Graduate studies at Western
European Journal of Philosophy (forthcoming)
|Abstract||According to the old feeling theory of emotion, an emotion is just a feeling: a conscious experience with a characteristic phenomenal character. This theory is widely dismissed in contemporary discussions of emotion as hopelessly naïve. In particular, it is thought to suffer from two fatal drawbacks: its inability to account for the cognitive dimension of emotion (which is thought to go beyond the phenomenal dimension), and its inability to accommodate unconscious emotions (which, of course, lack any phenomenal character). In this paper, I argue that the old feeling theory is in reality only a pair of modifications removed from a highly plausible account of the nature of emotion that retains the essential connection between emotion and feeling. These modifications are, moreover, motivated by recent developments in work on phenomenal consciousness. The first development is the rising recognition of a phenomenal character proper to cognition—so-called cognitive phenomenology. The second is the gathering momentum behind various ‘connection principles’ that specify some connection that a given state must bear to phenomenally conscious states in order to qualify as mental. These developments make it possible to formulate a new feeling theory of emotion, which would overcome the two fatal drawbacks of the old feeling theory. According to the new feeling theory, an emotion is a mental state that bears the right connection to conscious experiences with the right phenomenal character (involving, among other elements, a cognitive phenomenology)|
|Keywords||emotion feeling cognitive phenomenology phenomenal intentionality|
|Categories||categorize this paper)|
|Through your library||Configure|
Similar books and articles
Demian Whiting (2006). Standing Up for an Affective Account of Emotion. Philosophical Explorations 9 (3):261-276.
Demian Whiting (2011). The Feeling Theory of Emotion and the Object-Directed Emotions. European Journal of Philosophy 19 (2):281-303.
Irwin Goldstein (2002). Are Emotions Feelings? A Further Look at Hedonic Theories of Emotions. Consciousness and Emotion 3 (1):21-33.
Jennifer Wilkinson (1998). Feeling an Emotion. South African Journal of Philosophy 17 (1):62-74.
Joel J. Kupperman (1995). An Anti-Essentialist View of the Emotions. Philosophical Psychology 8 (4):341-351.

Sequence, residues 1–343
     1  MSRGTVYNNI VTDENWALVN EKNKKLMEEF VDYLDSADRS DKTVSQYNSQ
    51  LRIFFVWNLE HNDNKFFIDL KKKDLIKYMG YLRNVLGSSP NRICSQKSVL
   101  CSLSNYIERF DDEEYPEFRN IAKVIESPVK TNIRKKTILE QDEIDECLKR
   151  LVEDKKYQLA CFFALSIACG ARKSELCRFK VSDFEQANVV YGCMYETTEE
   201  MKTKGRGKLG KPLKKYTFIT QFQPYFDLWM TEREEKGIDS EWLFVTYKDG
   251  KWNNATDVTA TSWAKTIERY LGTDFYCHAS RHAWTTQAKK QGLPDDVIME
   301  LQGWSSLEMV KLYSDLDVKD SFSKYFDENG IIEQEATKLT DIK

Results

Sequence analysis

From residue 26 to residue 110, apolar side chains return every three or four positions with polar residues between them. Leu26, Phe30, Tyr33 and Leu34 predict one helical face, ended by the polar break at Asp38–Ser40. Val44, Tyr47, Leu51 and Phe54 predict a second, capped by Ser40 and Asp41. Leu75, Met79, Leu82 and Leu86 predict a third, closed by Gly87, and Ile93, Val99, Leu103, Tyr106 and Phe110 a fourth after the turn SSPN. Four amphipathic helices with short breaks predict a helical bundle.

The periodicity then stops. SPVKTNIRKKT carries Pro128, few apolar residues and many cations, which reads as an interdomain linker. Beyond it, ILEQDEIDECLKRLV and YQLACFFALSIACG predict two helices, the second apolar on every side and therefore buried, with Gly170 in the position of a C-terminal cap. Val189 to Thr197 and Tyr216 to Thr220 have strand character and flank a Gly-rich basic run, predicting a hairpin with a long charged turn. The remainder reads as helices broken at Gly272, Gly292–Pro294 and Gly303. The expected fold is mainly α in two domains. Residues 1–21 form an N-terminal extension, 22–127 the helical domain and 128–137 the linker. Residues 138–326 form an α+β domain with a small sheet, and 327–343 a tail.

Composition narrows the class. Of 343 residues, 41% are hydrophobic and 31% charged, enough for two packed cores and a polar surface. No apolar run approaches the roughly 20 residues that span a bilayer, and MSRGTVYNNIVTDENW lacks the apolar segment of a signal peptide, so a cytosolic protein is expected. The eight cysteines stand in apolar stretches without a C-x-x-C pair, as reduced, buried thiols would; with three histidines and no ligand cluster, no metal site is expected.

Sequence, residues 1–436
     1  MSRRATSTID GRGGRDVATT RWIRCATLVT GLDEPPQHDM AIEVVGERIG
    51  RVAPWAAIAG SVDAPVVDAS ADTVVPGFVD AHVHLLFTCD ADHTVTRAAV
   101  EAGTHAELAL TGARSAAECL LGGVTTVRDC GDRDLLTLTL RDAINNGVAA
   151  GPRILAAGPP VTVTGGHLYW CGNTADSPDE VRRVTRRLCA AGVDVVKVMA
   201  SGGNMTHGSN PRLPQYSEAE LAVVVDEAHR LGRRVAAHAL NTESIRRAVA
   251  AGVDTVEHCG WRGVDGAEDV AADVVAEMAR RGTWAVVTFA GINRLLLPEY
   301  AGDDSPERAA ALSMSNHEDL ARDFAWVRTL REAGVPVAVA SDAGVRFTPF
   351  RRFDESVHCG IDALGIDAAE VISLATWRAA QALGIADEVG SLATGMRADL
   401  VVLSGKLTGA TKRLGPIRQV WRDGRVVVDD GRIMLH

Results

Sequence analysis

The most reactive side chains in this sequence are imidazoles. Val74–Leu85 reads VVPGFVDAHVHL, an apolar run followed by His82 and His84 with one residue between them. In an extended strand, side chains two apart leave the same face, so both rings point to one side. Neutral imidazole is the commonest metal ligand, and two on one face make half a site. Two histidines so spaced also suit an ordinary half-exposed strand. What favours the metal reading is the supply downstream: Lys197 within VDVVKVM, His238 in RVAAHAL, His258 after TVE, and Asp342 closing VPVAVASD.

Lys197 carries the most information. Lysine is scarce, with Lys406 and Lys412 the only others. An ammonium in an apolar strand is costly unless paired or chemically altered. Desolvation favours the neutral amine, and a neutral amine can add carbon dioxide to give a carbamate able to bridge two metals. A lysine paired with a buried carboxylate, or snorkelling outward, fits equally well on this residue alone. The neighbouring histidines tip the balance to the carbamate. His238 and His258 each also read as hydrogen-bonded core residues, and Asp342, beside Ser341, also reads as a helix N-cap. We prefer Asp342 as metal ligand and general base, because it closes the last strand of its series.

Rainer Reisenzein (forthcoming). What is an Emotion in the Belief-Desire Theory of Emotion? In F. Paglieri, M. Tummolini, F. Falcone & M. Miceli (eds.), The goals of cognition: Essays in honor of Cristiano Castelfranchi. College Publications.
Antonio R. Damasio (2001). Reflections on the Neurobiology of Emotion and Feeling. In The Foundations of Cognitive Science. Oxford: Clarendon Press.
Rainer Reisenzein (2009). Emotions as Metarepresentational States of Mind: Naturalizing the Belief-Desire Theory of Emotion. Cognitive Systems Research 10:6-20.
Giovanna Colombetti & Evan Thompson (forthcoming). The Feeling Body: Towards an Enactive Approach to Emotion. In W. F. Overton, U. Mueller & J. Newman (eds.), Body in Mind, Mind in Body: Developmental Perspectives on Embodiment and Consciousness. Erlbaum.
Matthew Ratcliffe (2005). The Feeling of Being. Journal of Consciousness Studies 12 (8-10):43-60.
Robert C. Solomon (2004). Emotions, Thoughts, and Feelings: Emotions as Engagements with the World. In Robert C. Solomon (ed.), Thinking About Feeling: Contemporary Philosophers on Emotions. Oxford University Press.
Geoffrey C. Madell & Aaron Ridley (1997). Emotion and Feeling. Proceedings of the Aristotelian Society 71 (71):147-176.
Eva-Maria Engelen & Birgitt Röttger-Rössler (2012). Current Disciplinary and Interdisciplinary Debates on Empathy. Emotion Review 4 (1):3-8.
Philip J. Koch (1987). Bodily Feeling in Emotion. Dialogue 26 (01):59-75.
Added to index2011-08-22
Total downloads132 ( #4,481 of 740,918 )
Recent downloads (6 months)11 ( #10,209 of 740,918 )
How can I increase my downloads?